The Passion Test


Kelly Kloss, former CAO of the Regional Municipality of Wood Buffalo, now in a similar role with the City of Fort Saskatchewan, once waxed eloquent on the virtues of SUCCESS magazine.  I'm so glad that he did because I eventually picked up a copy when I spotted one in my neighborhood Safeway, waiting to go through the self check-out line.  The CD it contained made its way into my vehicle and has been listened to dozens of times since.  Eventually, I subscribed to the publication and now it arrives faithfully at my front door every month or so.


My commute to the office isn't terribly long, but I still pop in one of the Darren Hardy (Publisher of SUCCESS) interviews and allow it to settle into my bones.  The commute home, especially after 4:30 on a busy weekday, provides an additional 10 or 15 minutes of "driver university".

There are many interviews that resonate like Robin Sharma's discussion "On living a well-rounded life of excellence" where he repeats several times the notion that "it's the little things done consistently that make the biggest difference."  I've listened to Sean Stephenson's interview a dozen times, about his life story and his life purpose to "rid the world of insecurity."  David Horsager's thoughts on trust transference really resonated, as did Dr. Robert Cialdini's expertise on influence.  But it was Chris and Janet Attwood's story about their incredible journey with The Passion Test that compelled me to order their book and begin to review and understand my own passions.


Similar to Sean Stephenson's When Life Works list, The Passion Test asked me to complete the following sentence:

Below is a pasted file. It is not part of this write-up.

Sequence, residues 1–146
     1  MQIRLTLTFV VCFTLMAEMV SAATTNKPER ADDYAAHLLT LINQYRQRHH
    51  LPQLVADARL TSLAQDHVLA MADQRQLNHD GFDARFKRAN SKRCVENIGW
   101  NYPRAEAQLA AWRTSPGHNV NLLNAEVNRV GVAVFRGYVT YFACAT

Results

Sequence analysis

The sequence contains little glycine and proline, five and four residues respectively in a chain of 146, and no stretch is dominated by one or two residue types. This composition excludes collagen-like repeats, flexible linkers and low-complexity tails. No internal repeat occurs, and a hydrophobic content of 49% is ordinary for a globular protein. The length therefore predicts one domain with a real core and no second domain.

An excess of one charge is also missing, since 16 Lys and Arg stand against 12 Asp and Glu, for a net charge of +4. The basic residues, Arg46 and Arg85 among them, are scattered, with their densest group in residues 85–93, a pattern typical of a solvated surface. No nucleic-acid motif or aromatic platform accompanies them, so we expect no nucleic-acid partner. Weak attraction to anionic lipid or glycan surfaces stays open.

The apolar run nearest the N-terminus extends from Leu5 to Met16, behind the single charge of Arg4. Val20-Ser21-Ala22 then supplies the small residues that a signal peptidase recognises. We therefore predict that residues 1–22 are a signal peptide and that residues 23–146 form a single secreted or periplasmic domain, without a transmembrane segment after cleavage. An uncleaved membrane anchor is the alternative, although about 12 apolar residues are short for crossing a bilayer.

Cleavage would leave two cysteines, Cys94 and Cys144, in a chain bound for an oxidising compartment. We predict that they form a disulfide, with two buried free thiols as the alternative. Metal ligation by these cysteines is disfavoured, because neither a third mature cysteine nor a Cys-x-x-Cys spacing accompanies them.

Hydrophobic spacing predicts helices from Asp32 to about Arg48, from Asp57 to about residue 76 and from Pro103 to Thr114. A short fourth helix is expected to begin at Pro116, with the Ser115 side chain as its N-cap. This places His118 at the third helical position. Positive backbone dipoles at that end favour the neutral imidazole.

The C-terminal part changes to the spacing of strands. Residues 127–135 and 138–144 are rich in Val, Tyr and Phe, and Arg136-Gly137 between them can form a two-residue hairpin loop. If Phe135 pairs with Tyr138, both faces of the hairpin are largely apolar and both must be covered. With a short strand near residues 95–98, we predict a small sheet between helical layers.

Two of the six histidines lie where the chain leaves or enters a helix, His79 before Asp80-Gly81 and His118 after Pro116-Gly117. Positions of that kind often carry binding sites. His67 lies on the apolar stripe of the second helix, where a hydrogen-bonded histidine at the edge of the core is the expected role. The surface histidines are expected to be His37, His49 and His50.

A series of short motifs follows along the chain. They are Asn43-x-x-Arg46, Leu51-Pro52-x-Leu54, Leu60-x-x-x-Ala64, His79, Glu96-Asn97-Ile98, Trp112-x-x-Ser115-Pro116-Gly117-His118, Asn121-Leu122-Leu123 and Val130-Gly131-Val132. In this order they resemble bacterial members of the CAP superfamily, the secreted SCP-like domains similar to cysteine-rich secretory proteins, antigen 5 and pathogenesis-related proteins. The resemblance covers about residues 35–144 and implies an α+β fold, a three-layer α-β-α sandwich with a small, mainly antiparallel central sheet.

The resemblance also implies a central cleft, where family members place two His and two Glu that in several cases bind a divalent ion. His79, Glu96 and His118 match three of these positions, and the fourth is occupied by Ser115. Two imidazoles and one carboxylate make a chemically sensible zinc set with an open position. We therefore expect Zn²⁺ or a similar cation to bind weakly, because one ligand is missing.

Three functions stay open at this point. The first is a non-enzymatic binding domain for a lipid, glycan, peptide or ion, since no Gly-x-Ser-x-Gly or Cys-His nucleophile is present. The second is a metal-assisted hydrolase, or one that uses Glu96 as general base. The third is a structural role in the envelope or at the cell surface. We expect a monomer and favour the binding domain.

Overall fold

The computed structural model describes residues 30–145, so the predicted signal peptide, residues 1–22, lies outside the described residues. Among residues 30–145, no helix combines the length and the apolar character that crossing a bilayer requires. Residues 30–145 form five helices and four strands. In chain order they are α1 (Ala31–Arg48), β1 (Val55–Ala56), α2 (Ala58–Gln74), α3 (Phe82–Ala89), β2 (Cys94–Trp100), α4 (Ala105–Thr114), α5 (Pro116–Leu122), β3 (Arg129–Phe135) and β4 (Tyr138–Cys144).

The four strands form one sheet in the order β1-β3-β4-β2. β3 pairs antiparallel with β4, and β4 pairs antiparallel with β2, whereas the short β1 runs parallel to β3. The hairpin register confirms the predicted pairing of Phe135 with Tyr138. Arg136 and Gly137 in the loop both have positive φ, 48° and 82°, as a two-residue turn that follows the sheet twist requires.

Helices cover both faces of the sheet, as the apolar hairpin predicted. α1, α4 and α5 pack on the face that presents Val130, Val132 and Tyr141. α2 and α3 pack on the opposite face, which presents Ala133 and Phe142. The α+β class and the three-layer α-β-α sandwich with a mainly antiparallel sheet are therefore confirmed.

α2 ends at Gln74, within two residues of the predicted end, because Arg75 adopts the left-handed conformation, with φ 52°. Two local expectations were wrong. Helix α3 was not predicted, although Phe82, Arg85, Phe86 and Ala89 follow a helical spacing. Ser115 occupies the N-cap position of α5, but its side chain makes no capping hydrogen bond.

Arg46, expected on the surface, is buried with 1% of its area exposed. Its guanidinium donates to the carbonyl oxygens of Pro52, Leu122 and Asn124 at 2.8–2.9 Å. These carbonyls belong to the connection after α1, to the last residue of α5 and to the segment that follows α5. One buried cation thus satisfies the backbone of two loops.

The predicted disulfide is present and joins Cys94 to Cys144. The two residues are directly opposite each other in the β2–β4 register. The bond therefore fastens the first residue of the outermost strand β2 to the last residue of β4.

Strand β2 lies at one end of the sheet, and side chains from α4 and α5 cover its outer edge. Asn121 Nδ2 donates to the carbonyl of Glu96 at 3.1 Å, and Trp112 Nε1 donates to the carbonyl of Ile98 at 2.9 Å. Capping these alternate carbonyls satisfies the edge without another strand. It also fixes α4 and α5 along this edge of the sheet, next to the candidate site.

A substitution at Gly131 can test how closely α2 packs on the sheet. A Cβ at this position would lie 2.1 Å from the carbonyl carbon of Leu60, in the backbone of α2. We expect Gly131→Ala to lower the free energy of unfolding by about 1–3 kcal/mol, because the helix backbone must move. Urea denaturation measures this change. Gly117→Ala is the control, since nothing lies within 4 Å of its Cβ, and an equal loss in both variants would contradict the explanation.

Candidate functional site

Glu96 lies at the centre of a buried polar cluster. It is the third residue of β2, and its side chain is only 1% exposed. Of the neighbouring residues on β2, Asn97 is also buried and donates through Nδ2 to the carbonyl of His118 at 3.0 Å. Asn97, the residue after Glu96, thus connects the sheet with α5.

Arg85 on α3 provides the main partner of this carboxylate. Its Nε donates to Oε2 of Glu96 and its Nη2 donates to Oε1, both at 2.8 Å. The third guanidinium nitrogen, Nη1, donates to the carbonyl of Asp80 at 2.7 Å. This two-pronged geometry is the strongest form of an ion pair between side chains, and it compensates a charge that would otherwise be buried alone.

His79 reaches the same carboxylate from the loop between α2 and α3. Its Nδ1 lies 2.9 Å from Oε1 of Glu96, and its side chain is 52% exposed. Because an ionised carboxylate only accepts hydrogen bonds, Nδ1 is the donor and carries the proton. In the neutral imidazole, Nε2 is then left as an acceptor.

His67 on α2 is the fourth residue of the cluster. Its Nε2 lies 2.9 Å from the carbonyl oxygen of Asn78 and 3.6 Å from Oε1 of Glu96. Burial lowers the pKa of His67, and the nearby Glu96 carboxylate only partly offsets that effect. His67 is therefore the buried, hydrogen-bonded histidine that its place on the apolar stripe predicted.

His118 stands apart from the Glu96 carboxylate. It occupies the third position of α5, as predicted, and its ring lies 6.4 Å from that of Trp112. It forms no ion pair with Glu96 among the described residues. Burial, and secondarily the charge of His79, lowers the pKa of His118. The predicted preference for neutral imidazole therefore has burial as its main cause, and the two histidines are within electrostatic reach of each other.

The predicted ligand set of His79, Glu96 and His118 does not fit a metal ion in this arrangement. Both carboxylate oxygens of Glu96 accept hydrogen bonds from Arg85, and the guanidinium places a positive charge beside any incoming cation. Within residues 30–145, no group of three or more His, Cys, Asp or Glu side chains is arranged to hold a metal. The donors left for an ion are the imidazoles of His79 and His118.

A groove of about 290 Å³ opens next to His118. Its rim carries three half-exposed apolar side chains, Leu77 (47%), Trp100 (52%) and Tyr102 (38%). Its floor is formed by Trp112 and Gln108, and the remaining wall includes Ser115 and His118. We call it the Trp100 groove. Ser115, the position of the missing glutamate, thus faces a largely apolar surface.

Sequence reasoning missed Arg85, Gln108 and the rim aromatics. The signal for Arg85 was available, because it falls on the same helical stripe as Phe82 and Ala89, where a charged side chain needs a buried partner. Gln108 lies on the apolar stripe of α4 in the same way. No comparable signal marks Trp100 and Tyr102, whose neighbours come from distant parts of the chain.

When my life is ideal I am...

The exercise involves answering that question in as many ways as you can, the paring them down to the five most resonant answers.  These were the five that rose to the top for me.

When my life is ideal I am:

  1. Creating every day
  2. In a state of gratefulness
  3. Loving well
  4. Experiencing and/or striving for simplicity
  5. Sharing and connecting
With some of these passions I am exceptionally strong.  I'm particularly competent at sharing and connecting, as this has become an integral component of my personal practice.  The first 90 minutes of my day, before my family wakes up, are spent scanning the Fort McMurray Today and the social media universe for important information, good news stories and ideas and images worth sharing.  In many ways, this routine constitutes my Zen time, an essential part of my day that energizes and inspires me for the work that lies ahead.

Generally speaking, I am pretty good on the gratefulness front.  Though, like most everybody, I'm prone to getting stuck in the muck from time to time.  Long story short, I'm much happier when I see that glass being half full, when I can see the positive in things and in people. 

Whether it is through writing, problem solving, innovating, carpentry, drawing, painting, acting or taking pictures, I manage to create something every day.  Looking back on my life, as far back as being the age that my son Ben is now (9), I was a doodler, an imagineer, a creative dreamer.  

I definitely need to do some work on the simplicity side.  When time is on my side, I relish being able to declutter, spend time on labour-intensive time-consuming singular focus tasks (picking up recycling, doing the dishes, getting the laundry done, building or fixing something), and stopping to smell the roses, watch the sunset, feel the breeze on my face.  However, I find that with a very busy political, personal and community life, I don't make the time to slow down and simplify often enough.

When I'm loving well, life is outstanding.  But I struggle being a consistently demonstrative and communicative husband, father and friend to be completely honest.  I'm working on it, but this is the area that needs the most focus in my life.


Part of The Passion Test process is writing down the five things I need to do to make my life ideal and posting them in areas where I'll see them.  The other reality is that something better could pop into my life at any moment and require my attention and intention.  That's the meaning behind "THIS or something better" on the bottom of my reminder card that is tacked on the wall to my right in my home office.

If you find yourself in traffic, seeing valuable time drift away while you stare at the tailgate of the car in front of you, consider popping in a SUCCESS CD and see what ideas, strategies and stories jump out for you.




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